The draw of drawing the Masters


Editor’s Note: Our Masters Preview Issue was printed before the postponement of the 2020 Masters. Read more here >>

When I draw landscape, my strategy usually consists of observing, filtering what I see through my mind, using a very subjective process to create order from chaos, and then re-creating this new reality in two dimensions with ink strokes on paper.

I’ve never seen a landscape as carefully designed as the golf course in Augusta. Every angle, every detail seems considered. The fairways, bunkers and greens collaborate as perfect abstract compositions. I hate to admit it, but my first impression was, I’m walking into one of my drawings. I spent the next couple of days at the Masters observing a little harder than I generally have to, searching for the unexpected connections in the perfectly planned environment.


I’m far from an expert on golf, but the core challenge of the sport has many elements that I can relate to.

When I start a drawing, I have a pretty tight idea of what I want to visualize. The objects are trees and hills and people, but what triggers me are abstract systems—an unusual composition of large and small. Objects that obscure each other in a surprising way or an unexpected connection of utterly unrelated elements.

I need to start with bravado: The composition, the rendering, the colors need to be daring to ruffle the expectation of the viewer. But if I go too far, I end up with a confusing mess. No matter what the plan is, the moment the brush touches the paper, everything changes. The idea in my mind is different from what materializes on the page.


When my imagination hits the reality of the rendering, things get interesting. Now the drawing invents its own laws, and the challenge is to find out where it wants to go. I have to be brave and quick-witted enough to abandon the original plan if that’s what the drawing demands.

I draw with colored inks. I love the density and versatility of the pigment. I can create delicate lines when I use a pointy quill or a mad cloud of color when I pick an inch-wide brush. I’ve developed a decent skill with the technique, but it remains unpredictable. Especially when I start adding water, the ink starts behaving erratically, derailing my composition or jump-starting unexpected beauty. The competition of control and chance works best when the drawings remain fairly abstract. Ideally the beauty of abstraction is what you don’t show—readers have to add their experience and expectations into the art.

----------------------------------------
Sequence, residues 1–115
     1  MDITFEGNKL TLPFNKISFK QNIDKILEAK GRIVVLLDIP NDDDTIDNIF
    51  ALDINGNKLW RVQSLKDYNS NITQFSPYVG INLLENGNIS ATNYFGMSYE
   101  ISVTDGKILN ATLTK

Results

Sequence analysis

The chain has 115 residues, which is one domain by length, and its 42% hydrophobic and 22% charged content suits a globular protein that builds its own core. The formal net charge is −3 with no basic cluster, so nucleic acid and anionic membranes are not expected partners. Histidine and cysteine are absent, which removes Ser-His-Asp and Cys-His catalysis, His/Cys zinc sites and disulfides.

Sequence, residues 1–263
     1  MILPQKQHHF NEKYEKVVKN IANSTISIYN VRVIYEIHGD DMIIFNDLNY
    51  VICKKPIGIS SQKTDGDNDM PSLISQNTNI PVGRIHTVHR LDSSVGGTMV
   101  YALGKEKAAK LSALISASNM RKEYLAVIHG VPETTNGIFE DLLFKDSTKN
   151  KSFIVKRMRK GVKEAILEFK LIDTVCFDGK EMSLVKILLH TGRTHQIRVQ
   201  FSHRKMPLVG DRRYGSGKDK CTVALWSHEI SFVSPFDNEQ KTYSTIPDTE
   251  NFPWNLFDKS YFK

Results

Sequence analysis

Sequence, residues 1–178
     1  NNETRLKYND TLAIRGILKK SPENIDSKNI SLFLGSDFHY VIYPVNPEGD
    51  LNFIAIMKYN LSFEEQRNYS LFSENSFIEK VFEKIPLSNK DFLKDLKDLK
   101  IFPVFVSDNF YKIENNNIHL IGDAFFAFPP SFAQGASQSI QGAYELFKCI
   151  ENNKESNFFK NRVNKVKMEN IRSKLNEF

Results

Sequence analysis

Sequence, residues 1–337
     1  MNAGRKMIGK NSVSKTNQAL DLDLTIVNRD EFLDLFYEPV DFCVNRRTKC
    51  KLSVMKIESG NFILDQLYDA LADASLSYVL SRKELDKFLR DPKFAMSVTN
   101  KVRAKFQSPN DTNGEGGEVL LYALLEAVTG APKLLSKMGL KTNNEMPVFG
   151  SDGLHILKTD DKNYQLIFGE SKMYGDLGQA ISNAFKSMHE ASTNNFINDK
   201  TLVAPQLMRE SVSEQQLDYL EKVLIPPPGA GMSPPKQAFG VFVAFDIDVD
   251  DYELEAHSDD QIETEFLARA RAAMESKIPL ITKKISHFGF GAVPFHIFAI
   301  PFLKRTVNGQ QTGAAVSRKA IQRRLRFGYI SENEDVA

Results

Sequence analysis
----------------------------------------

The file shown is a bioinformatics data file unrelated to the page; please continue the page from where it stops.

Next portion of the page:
I often work with negative space. Instead of drawing an object, I fill in only the surrounding parts. The viewer essentially looks at a blank piece of paper but ends up projecting a vivid image that can feel more convincing than the most detailed rendering.


The most challenging aspect of drawing with ink: There is no Command-Z. Every stroke is final. This is nerve-wracking, but the inherent tension of the process creates an artistic urgency that I don’t experience when I work digitally. Often I start with a number of confident shapes and feel good about myself. But then a fear sets in—I don’t want to mess up what I’ve done. The impulse is to carefully carry the drawing home by focusing on avoiding mistakes. And that, of course, is wrong. I need to go full risk until the end. This is terribly hard. But—just as in sports—the easy thing about the hard things is that they can be tackled with practice. I regularly take time in my studio to ruin drawings.




I work with ambition, but the purpose of this exercise is to confidently drive the drawing into a concrete wall at full speed. This actually works. It has decreased my fear of making mistakes. Often it’s exactly one of those mistakes that creates an interesting twist. And in some rare cases, I can add another mad move that ties everything together as if it were all part of a deliberate master plan from the get-go. This is actually all pretty stressful, but if I’m lucky, the results are fun to watch.

Kind of like the Masters.




Christoph Niemann is an artist, author and animator. In addition to Golf Digest, his work appears regularly in The New Yorker, National Geographic and The New York Times Magazine. In 2010, he was inducted into the Art Directors Club Hall Of Fame.